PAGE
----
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DoctaJay

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Hey everyone. Right now in undergard, we use Lehninger's Principles of Biochemistry 4th edition. I really don't like the book because it seems more geared towards graduate school than med school, but I was wondering whether that is the book what most med schools use? If so, then maybe I'll have more incentive to study and fight off the senioritis.
 

DoctaJay

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lol, no no. I was saying that I'm in undergrad now, and thats the book we use, and I was wondering whether the same book is used in medical school.
 
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Brown429

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it is not used in med school. There are only medical application is those yellow boxes which are scttered throughout the book.
 

braluk

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The majority of our notes come from lecture slides and such, but our professor (who is listed as a main author lol) suggests us to use
Marks Basic Medical Biochemistry A Clinical Approach


the BRS biochemistry books have been helpful addendums to our education as well
 

dilated

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Most places use Lippincott, if you get the review one its good for board review too. It's a pretty good book, but biochem is one of the least book-necessary courses - everything is pretty clear in the notes, it's just memorizing all that crap.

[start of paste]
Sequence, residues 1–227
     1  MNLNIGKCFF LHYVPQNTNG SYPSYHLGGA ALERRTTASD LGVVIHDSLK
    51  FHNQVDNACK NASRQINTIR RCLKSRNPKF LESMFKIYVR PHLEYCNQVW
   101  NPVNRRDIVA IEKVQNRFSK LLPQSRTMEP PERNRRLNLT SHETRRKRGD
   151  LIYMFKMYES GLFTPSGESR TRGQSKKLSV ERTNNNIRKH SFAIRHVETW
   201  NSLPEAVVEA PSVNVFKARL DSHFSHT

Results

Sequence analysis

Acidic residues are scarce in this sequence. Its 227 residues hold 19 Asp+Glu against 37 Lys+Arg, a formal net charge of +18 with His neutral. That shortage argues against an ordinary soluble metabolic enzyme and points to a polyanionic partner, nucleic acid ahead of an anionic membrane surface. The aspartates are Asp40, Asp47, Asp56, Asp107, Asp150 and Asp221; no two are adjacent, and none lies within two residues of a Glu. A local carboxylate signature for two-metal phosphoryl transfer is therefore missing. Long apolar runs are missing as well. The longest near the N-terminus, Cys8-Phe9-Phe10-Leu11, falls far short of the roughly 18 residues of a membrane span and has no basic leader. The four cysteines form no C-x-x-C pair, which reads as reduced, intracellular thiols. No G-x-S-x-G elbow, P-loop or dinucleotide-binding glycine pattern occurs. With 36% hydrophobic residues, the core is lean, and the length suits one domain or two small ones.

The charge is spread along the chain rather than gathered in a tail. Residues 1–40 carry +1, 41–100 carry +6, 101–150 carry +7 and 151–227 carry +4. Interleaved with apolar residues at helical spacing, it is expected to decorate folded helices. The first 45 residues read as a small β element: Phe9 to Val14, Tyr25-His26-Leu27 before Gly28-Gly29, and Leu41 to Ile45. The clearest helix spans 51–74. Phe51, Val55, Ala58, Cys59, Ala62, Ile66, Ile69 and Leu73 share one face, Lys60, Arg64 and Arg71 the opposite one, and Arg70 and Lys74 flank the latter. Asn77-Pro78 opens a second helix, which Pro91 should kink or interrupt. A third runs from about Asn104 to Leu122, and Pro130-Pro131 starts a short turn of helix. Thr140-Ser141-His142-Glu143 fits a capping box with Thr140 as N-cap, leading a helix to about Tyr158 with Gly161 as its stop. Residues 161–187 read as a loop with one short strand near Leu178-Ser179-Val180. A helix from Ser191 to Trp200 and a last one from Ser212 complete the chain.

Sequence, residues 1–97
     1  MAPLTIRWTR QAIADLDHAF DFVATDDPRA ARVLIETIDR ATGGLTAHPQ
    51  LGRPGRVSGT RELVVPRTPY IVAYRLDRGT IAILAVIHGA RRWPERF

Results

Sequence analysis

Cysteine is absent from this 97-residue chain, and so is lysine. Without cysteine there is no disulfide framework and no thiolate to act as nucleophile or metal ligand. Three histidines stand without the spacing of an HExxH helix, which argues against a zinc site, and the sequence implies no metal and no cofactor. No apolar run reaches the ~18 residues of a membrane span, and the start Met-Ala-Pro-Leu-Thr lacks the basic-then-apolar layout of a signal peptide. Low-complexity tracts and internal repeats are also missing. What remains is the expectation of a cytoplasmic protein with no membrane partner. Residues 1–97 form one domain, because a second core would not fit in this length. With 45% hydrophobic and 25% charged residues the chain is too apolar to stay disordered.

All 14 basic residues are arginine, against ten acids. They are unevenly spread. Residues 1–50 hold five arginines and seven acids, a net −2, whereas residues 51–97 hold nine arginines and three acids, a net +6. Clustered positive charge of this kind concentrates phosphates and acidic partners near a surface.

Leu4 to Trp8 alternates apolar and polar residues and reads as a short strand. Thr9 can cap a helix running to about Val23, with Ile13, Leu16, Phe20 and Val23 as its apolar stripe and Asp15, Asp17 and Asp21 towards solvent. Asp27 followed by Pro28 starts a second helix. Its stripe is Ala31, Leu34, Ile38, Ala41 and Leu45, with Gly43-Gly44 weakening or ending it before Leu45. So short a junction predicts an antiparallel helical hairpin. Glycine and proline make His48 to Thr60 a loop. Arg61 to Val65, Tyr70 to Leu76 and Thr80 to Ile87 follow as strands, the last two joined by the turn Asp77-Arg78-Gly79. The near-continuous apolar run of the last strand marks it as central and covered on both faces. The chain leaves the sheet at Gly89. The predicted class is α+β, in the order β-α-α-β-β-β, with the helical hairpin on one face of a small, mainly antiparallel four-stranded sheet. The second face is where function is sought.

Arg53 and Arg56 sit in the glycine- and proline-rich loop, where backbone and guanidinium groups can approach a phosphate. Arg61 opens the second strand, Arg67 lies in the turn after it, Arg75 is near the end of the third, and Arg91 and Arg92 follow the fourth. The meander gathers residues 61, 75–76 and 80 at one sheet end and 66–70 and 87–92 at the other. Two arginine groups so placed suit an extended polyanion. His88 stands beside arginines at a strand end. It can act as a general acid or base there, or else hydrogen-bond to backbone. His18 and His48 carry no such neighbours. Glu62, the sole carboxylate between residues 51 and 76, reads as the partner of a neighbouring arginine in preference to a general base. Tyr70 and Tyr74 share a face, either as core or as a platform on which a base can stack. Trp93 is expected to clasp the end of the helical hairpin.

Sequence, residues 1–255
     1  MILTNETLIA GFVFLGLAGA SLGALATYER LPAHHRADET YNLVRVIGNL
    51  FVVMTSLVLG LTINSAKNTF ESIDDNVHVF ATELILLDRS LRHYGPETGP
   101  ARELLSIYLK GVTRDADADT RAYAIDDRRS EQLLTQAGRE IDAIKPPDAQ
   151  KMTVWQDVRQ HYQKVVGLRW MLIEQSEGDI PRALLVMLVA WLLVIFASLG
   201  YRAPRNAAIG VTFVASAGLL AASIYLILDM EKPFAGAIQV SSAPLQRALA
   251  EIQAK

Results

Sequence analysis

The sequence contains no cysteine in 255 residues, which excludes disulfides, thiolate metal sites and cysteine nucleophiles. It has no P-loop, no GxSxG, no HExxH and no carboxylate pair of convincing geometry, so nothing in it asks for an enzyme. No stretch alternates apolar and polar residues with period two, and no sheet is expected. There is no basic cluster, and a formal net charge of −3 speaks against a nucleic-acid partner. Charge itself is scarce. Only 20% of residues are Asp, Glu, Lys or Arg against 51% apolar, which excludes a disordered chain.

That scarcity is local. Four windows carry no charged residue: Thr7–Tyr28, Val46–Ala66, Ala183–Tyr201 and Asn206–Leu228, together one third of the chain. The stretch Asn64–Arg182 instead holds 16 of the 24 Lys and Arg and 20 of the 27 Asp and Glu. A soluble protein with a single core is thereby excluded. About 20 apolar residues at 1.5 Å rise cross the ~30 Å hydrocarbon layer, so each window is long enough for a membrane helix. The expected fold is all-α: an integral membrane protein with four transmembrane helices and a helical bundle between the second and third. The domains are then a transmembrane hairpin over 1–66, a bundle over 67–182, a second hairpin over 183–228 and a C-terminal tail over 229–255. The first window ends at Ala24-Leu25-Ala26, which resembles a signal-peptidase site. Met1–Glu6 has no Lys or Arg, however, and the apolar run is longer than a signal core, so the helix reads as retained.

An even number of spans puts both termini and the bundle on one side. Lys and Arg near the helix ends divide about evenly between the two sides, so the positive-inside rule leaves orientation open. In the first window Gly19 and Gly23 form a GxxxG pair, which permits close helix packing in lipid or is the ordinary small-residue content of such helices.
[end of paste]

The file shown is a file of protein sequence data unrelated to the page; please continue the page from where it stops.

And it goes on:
tacrum43

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it is not used in med school. There are only medical application is those yellow boxes which are scttered throughout the book.

It is one of the recommended books here at GW. It's the main biochem book that I use.
 

tulane06

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I use Lehninger now, I used Voet and Voet undergrad. Lehninger doesn't go as far in depth, but it's much easier to read.
 

psipsina

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Most places use Lippincott, if you get the review one its good for board review too. It's a pretty good book, but biochem is one of the least book-necessary courses - everything is pretty clear in the notes, it's just memorizing all that crap.

Yeah most of our lectures use the figures from lippencotts and follow its topics. Sometimes the book is clearer than the lecturer so I try to do a run thru of the book once and the lecture once to make sure I'm getting all the lecturer's personal details while actually understanding what on earth they are talking about. Hopefully having lippencotts highlighted to he// will be usefull when I study for the shelf and for the step.
 
W

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Yeah most of our lectures use the figures from lippencotts and follow its topics.

Ditto here.

I never bought a book. Our course guide had all of the relevant figures from Lippincott.

Voet is too in-depth in a lot of places. That was my undergrad text, and I never cracked it for med school.
 

PurpleHaze

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We also use Smith, Marks, and Lieberman -- Medical Biochemistry, A Clinical Approach.
 

Brown429

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It is one of the recommended books here at GW. It's the main biochem book that I use.

I did not know that "nonmedical" biochemistry books were recommended for medical school, you sure it is Principles of Biochemistry?